All that sadness turned me into a supernova.
You never wake up knowing it's a day when tragedy will strike your life like lightning. If we did, we'd pull the covers back over our head and wait it out, our bedrooms a makeshift bomb shelter against our whole world blowing up right outside our windows. There's no advance notice because we'd end up living life on perpetual hold.
That morning was like any other morning. I woke up, fed the dogs, brushed my teeth, caught the D train from Kingsbridge Road to Rockefeller Center, and nodded off on the way in like I always did. Work was work until it wasn't, until the news started filtering in and everyone froze in place, and when we finally thawed out there was Before 9/11 and After 9/11.
A giant rift right down the center of our timeline, separating the way we were and the way we could never be again. For months afterward, I dreamed in ashes and woke up wishing I'd stayed in bed that day.
The specifics don't matter. Everyone has their story. I could tell you how the second tower looked coming down on a TV with terrible reception. I could tell you how the closer we got, the more ghosts we saw come screaming out of the wall of white smoke, powdered in pale dust and crimson debris.
I could tell you how tightly I held the hand of the boy who walked home with me, the dry heat of his palm, the sandpaper swirls of his fingertips. I could tell you how we all cringed at every loud noise, looking up to the sky, ready to dive into the nearest doorway.
But really, those are just the things I saw, the things that show up like graffiti on the backs of my eyelids when I can't sleep because of the way my brain is replaying it once again. That's my very small part of a very big story, but it's also a very big story in my very small life. It's how I learned to be happy.
It seems counterintuitive, I know, that such unforgiving amounts of death and destruction could birth a better life for me. It wasn't a road to Damascus moment. There was no bright and blinding revelation as I walked across the George Washington Bridge, staring blankly out at the aching hole smoking in the skyline.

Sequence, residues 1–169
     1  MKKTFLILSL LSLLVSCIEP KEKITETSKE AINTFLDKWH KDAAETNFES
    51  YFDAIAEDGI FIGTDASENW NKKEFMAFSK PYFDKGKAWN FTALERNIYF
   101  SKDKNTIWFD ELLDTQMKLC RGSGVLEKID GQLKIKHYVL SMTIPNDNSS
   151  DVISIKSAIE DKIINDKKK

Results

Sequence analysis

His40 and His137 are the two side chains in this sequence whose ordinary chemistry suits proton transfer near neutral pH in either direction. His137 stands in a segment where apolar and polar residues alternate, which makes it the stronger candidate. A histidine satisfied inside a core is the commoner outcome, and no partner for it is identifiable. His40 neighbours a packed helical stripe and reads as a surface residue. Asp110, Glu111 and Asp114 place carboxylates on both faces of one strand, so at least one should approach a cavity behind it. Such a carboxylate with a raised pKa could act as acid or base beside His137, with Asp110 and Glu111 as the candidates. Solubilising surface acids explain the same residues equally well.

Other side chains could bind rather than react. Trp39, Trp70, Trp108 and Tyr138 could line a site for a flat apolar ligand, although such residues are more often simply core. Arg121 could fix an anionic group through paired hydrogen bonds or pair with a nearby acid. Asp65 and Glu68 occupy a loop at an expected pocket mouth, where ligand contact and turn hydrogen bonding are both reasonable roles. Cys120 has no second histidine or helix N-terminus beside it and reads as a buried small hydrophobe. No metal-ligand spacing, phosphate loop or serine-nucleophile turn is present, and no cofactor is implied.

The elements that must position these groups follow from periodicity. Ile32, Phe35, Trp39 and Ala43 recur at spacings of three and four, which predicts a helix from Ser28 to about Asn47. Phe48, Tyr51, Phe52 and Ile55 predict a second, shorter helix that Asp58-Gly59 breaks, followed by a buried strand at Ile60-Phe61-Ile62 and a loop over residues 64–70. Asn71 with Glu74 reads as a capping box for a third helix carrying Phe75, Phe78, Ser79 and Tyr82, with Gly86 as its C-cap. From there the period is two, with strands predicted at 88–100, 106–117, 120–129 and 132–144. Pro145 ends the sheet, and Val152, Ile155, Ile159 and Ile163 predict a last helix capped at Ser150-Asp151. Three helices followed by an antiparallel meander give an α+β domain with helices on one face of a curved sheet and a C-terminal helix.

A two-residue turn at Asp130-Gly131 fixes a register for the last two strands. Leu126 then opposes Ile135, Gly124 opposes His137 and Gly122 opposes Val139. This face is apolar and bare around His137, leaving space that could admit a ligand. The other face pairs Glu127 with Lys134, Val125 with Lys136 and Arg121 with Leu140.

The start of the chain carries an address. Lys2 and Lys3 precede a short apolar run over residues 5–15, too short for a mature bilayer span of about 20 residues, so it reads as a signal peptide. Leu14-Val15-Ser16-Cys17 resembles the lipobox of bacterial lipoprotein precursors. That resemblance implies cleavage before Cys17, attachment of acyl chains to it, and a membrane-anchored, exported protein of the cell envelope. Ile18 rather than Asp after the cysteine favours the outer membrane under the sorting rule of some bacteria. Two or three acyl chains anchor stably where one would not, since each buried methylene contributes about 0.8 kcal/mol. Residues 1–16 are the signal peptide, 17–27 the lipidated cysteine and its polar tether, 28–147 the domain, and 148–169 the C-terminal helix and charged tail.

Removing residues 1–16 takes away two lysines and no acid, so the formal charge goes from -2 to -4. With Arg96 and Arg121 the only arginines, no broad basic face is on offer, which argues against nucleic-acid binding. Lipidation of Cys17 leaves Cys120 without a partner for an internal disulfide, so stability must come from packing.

It was a gradual awakening, as though what rose from the ashes wasn't anything so grand as a phoenix but the smallest and most fragile moth, translucent and tumbling along toward the light through the tunnel of sadness that surrounded me.
When the worst thing you never thought could happen to you happens, when you wake up the next day in the same body but a different life, the whole world shifts within you.
I survived planes crashing through the clouds, fear like wildfire on the wind, darkness so profound that none of us could see the blazing sun right in front of our eyes. I'd gotten my New York legs.
Somewhere between the tiny office where we watched a screen full of billowing smoke and the moment my feet touched the floor of my sh*tty third floor apartment, I stopped being so scared. I no longer cringed in hopeful invisibility when the old men shouted at me from beside the bodega.
When a man with skin the color of sun-cracked leather approached me on Fordham, face two inches from mine, my eyes were like knives and I left him in ribbons on the sidewalk. I stopped carrying my keys in between my fingers when I walked home and didn't formulate an escape plan every time I got in a taxi. Prayer began to feel as unnecessary as fear.
But the things I stopped doing weren't as important as the things I started. Every leaf that danced past me in a cool October wind wrote a poem in the strands of my hair blowing back like a secret veil.
I smiled at the woman who sold me dulce de leche ice cream in the bodega at the end of my street. I tasted snow from our dirty rooftop, and it was ice cold freedom sliding down the back of my throat. I held the hand of a homeless woman who might have been twenty or might have been one hundred, and touching her was holy.
I said "I love you" and "I forgive you" with increasing frequency. I let things go when it mattered, and held them close to me when it didn't. The whole world became a possibility, not a punishment. The sky was blue and wide open, and I stopped looking at it with suspicion.
There's a Leonard Cohen song I love that goes:
There is a crack, a crack in everything
That's how the light gets in.
One of the worst days of my life was a crack as big as everything, but that's how all this brilliant, glorious, life-light got in. All that sadness turned me into a supernova, and I'm still exploding.